Dubbed the HotBot Shopping Directory, the service, powered by database firm Junglee, will allow users to search for items in 14 product categories--such as books, music, computer software, computer hardware, and travel--by price or product attributes, according to Doug Nester, director of commerce for Wired Digital. He said four more product categories will be added in the coming weeks.
Wired Digital considers HotBot a "portal for power users," said Andrew de Vries, director of marketing communications for Wired Digital. The firm defines "power users" as those who have been "on the Web longer than the average user--Web developers and Web enthusiasts," he said.
As such, the company has not gone the way of traditional search-driven portal sites--such as Yahoo, Excite, Lycos, and Infoseek--which tend to offer an array of add-ons such as free email, paging services, and local guides in an effort to be the home page for as many users as possible.
"We're not trying to be everything to everybody, so we're not competing directly with Yahoo or Lycos," de Vries said.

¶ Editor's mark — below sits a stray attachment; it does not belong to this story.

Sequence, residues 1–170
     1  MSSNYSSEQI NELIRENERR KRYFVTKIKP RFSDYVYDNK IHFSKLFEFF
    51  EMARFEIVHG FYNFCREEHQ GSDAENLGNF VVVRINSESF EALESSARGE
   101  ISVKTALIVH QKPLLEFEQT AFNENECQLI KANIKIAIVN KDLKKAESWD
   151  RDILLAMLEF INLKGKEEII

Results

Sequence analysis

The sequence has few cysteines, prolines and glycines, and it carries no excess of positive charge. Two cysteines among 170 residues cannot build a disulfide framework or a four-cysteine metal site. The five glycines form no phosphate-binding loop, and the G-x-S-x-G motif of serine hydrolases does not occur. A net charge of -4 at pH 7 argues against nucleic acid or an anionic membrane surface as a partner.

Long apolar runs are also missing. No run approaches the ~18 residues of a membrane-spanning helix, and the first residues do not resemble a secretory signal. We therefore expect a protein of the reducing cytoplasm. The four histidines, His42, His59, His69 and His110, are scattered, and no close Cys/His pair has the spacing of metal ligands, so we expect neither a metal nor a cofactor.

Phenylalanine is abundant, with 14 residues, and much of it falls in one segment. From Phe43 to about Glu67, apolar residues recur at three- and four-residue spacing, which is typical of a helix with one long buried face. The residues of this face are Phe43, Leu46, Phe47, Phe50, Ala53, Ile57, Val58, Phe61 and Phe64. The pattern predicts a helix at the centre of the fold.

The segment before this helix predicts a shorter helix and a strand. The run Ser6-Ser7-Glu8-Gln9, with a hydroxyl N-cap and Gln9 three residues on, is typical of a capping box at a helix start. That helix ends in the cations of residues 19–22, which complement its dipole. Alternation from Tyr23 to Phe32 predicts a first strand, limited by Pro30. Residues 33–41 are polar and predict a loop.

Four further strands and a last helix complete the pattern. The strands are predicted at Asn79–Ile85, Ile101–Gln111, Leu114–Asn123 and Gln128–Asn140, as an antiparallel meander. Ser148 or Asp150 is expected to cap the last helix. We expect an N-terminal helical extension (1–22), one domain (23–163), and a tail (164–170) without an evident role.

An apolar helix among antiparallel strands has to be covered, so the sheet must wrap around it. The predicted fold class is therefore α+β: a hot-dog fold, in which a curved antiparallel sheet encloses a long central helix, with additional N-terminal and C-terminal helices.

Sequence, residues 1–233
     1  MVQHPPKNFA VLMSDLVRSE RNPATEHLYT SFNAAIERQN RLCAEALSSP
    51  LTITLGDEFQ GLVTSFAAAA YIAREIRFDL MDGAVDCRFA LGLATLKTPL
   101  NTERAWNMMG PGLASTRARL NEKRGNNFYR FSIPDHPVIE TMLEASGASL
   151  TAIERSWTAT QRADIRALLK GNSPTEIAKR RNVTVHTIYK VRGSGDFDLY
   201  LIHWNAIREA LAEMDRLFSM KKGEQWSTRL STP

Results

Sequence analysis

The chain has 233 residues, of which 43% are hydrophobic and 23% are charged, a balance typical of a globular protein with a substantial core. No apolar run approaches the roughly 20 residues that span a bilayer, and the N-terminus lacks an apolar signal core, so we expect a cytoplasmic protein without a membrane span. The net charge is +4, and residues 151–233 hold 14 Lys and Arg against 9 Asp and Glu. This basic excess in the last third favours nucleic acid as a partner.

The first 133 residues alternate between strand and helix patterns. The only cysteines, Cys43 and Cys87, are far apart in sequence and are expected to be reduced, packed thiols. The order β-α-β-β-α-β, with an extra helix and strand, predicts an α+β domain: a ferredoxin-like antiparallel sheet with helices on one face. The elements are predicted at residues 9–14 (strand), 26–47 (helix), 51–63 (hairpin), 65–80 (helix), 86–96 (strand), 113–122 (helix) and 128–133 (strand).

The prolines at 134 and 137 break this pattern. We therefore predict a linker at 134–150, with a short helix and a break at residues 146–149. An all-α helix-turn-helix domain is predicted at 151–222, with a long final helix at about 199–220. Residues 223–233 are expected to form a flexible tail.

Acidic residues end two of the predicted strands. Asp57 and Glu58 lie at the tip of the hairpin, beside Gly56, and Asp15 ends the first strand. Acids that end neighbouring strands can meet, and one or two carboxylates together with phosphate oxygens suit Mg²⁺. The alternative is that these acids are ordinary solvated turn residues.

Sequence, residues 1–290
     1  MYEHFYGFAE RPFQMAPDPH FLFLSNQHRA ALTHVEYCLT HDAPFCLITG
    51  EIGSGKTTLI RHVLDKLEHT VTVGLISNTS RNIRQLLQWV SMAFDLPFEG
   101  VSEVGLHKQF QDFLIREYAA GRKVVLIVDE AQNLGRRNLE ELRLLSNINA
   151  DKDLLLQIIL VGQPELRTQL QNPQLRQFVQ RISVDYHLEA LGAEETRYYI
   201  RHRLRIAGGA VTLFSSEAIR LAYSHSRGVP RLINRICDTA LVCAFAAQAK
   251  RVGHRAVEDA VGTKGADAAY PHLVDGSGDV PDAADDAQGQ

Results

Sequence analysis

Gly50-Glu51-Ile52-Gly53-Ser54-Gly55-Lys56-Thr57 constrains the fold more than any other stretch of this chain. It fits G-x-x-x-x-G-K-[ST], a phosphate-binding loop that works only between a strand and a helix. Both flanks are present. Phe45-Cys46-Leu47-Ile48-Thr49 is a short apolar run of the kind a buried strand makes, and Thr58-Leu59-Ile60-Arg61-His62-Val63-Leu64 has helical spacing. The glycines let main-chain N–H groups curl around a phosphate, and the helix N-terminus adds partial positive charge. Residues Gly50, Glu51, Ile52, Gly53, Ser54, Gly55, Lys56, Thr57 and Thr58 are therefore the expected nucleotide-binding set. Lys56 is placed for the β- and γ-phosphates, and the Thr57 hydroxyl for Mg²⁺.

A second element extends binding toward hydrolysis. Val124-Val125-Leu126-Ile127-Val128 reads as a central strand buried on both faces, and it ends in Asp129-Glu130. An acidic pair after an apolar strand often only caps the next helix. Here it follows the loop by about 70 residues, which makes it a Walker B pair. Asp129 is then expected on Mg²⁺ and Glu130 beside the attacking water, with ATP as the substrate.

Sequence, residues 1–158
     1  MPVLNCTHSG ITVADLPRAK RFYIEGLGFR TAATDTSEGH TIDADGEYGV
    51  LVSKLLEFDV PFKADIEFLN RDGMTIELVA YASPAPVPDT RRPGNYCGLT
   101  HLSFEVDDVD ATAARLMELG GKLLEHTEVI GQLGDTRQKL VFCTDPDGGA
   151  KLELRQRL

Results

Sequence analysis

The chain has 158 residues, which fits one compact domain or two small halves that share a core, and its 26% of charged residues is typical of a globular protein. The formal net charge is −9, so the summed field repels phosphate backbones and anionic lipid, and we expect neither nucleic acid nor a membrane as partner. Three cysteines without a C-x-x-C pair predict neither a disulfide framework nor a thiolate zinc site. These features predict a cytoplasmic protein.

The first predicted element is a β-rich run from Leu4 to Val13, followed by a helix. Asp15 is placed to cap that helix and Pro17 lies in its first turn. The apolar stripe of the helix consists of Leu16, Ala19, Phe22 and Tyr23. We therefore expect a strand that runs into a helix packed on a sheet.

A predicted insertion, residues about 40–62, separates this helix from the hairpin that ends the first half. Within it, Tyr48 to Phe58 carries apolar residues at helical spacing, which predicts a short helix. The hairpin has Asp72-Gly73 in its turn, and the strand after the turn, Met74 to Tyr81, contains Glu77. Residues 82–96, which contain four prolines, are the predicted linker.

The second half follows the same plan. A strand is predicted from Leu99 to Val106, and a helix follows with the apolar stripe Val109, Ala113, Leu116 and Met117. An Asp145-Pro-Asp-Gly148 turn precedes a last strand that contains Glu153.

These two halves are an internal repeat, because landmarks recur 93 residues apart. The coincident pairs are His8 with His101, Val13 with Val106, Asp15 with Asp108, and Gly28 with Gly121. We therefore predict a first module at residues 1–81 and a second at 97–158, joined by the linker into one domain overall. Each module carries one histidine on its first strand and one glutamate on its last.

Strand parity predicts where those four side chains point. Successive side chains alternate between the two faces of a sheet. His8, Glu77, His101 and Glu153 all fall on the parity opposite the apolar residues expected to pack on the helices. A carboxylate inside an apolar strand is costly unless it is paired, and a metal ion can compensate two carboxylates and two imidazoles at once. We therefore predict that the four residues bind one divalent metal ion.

However, HotBot also is not competing with Yahoo, Lycos, or the other portals on Wall Street. Wired Ventures, Wired Digital's parent, has had its share of financial woes, including a few failed IPO attempts. The traditional portals are Wall Street's darlings in part because of their potential for mass appeal.
Nester pointed out that the company decided to upgrade the shopping service because HotBot's users are "40 percent more likely to purchase items online" than the average Net user, citing data from research firm @Plan as well as merchant feedback.
De Vries said Wired Digital expects e-commerce to account for $20 million in revenue for the firm over the next three years. He said it will make up roughly 15 percent of revenues for 1998. Revenues for Wired Digital were $3.4 million in the first quarter of 1998, up 133 percent from the same period last year, de Vries said.
Wired Ventures sold its well-known print property Wired magazine to Condé Nast Publications last month. At the time, de Vries said the proceeds from the sale would go toward funding the firm's Internet efforts. Wired Digital is expected to make up 40 percent of revenue for Wired Ventures in 1998, up from 7 percent in 1996 and 30 percent in 1997, the firm said.